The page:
Forces come in pairs. If an object A exerts a force (FA) on object B, then object B exerts an equal but opposite force (FB) on object A: FA = -FB
Newton's third law will lead us directly to the law of conservation of momentum later, and it will help us to tie the forces of the universe together to give us a coherent picture of why familiar objects act and interact in the ways that they do.
Consider the apple on the table (→). The object is not moving, so the magnitude (length) of its velocity vector is zero. Not moving means not accelerating, so according to the second law, F = ma = m·0 = 0, the net force must be zero.
But we know that the gravitational force (Fg) is pulling the apple downward with force F = -mg (I have chosen downward to the the negative direction, which is typical. As long as we're consistent, it really doesn't matter).
Because the net force must be zero, there must be another force that exactly opposes the gravitational force. We call it the normal force (FN), and it is a result of the electrostatic repulsion between the electrons that make up the atoms of the apple and the table.
Fnet = Fg + FN = 0 because Fg = -FN
The normal force is the reason gravity doesn't pull the apple right through the table. After all atoms are mostly empty space.
J. Cruzan, 2012
← Now consider an object sliding across a surface like this one. The box has mass, so there is a downward force, -Fg, on it. It is sliding straight across a horizontal surface, so the normal force and Fg must be in balance: Fg = -FN .
The object is accelerating to the right, so the left-right forces, FL & FR must be unbalanced, with FL > FR.
Newton's second law tells us that F = ma, and we remember that the force here is always the net force. So the acceleration of the crate is just FNET/m, where FNET is the vector sum of the left and right force vectors (FNET = FL + FR, where the signs of FL and FR are opposite because they work in opposite directions. In the figure, I've just subtracted the two. Either way works as long as you keep track of the directions of forces).
There is no acceleration in the up-down direction because those forces are balanced.
By the way, in this situation, where the left force might be a pushing force, the rightward force might be friction. The friction force always opposes the motion. A forthcoming friction section will help make this clear.
Now this is a tricky one, but if you just go back to Newton's laws, you'll get it.
Consider an object in motion at constant velocity, like the firefighter sliding down the pole →.
If the velocity vector of the firefighter doesn't change, then because a = FNET/m, (and the firefighter certainly has nonzero mass), FNET must be zero. That means that any downward force must be perfectly balanced by some upward force.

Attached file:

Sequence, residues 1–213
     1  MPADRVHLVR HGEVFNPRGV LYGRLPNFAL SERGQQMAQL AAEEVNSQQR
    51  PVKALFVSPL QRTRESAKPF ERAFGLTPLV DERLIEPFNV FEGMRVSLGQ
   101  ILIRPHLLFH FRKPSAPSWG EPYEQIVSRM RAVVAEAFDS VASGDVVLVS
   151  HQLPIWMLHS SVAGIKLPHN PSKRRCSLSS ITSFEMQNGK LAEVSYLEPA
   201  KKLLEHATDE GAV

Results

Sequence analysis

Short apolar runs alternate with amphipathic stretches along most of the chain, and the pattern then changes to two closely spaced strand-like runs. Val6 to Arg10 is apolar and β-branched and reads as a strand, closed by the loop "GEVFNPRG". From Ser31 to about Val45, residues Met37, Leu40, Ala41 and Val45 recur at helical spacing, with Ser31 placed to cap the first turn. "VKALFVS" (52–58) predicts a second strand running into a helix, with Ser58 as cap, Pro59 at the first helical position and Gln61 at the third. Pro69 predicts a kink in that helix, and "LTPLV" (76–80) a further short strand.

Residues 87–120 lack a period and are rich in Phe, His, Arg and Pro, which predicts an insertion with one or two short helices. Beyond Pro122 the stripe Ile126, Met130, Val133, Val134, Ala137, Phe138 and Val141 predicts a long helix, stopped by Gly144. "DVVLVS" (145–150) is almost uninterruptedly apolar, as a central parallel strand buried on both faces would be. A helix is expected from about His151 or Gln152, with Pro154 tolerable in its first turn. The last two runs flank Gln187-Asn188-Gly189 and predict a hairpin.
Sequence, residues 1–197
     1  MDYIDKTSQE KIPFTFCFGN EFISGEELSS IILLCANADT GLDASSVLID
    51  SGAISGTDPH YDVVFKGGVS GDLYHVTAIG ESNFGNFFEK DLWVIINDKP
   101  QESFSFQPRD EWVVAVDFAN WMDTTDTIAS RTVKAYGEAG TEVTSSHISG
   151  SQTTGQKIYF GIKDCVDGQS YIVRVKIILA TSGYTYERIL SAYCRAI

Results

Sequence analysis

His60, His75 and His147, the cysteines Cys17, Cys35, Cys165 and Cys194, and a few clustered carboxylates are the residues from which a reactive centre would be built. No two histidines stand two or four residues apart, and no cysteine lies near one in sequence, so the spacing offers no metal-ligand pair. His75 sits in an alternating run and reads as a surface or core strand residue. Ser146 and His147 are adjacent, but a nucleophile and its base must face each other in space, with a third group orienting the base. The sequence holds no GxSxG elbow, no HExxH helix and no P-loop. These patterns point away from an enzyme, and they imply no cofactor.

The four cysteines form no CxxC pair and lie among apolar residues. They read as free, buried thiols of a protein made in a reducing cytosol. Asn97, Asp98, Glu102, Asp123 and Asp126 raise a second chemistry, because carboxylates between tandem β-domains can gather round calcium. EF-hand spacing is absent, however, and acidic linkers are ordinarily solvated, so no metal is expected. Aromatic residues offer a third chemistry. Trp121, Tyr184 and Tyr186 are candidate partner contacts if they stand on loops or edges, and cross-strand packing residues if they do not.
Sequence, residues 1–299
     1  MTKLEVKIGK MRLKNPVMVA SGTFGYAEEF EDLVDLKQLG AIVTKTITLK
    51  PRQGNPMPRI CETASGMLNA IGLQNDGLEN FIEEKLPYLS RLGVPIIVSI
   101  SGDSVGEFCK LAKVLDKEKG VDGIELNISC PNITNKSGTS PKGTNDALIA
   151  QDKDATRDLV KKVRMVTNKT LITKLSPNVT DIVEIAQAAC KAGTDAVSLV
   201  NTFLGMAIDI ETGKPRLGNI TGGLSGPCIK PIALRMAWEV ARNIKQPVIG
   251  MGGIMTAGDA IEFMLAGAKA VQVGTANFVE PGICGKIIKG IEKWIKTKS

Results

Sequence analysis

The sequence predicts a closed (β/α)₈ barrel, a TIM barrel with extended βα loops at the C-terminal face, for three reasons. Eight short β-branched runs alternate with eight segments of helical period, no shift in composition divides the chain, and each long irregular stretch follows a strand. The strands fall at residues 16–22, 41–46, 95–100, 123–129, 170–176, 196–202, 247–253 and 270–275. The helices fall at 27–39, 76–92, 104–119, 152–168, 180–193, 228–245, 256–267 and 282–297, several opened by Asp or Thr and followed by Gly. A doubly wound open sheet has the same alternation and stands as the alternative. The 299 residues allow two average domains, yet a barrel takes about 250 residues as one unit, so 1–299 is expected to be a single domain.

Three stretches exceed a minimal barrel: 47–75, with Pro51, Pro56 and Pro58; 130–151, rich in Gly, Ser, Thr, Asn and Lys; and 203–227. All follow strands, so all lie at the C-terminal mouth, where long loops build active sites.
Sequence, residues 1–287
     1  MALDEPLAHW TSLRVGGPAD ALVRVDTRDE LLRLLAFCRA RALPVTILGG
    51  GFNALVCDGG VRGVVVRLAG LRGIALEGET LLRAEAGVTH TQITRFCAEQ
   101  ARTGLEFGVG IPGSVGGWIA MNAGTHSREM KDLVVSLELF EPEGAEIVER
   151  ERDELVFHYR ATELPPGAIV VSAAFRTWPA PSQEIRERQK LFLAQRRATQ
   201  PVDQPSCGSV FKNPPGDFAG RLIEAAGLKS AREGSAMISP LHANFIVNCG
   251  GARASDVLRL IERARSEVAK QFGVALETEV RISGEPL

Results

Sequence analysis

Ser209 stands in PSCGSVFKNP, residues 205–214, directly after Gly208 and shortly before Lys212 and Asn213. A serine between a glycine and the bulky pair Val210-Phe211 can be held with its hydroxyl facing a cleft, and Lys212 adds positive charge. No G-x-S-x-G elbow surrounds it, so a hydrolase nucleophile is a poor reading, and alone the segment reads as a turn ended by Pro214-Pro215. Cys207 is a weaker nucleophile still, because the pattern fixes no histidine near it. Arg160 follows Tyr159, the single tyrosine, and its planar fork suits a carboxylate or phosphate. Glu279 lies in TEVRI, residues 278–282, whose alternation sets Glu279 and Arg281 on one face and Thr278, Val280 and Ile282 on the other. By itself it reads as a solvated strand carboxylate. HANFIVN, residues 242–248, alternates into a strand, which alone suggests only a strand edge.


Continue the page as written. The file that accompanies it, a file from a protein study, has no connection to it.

In this case, that upward force is the friction force. The firefighter can increase or decrease his friction with the pole by tightening or loosening his hold. A friction force less than the gravitational force will cause downward acceleration.
A friction force exactly equal to the downward gravitational force leads to constant-velocity motion.
A friction force greater than the gravitational force will cause the firefighter to slow and eventually stop because there is a net upward force.
A friction force less than the gravitational force will cause the firefighter to accelerate down the pole because there is a net downward force.
Consider a ball rolling down a ramp like the one below. We almost always change our coordinate system from one in which the x-axis is parallel to level ground to one in which it parallels the ramp. It's much more convenient that way, and nature doesn't really care about our coordinate system anyway. We can then resolve the gravitational force vector, Fg into components parallel to our new axes:
We can do better at listing the forces in such a diagram. The force pointing into the ramp, Fy is countered by the normal force, the force of the ramp pushing back on the ball. Likewise, the force pushing the ball down the ramp is countered by some frictional force, Ff.
The whole free-body diagram, showing all forces in play, looks like this:
You'll have to think about parallel lines and congruent angles to see that the angle between Fy and Fg is just the ramp angle, θ.
The trigonometry that gives us our component vectors relative to Fg is
The two ramps below illustrate why the acceleration of a rolling ball is greater down a steeper ramp: The component of the gravitational force, the only force present that makes the ball roll, is greater down the ramp when the ramp is steeper.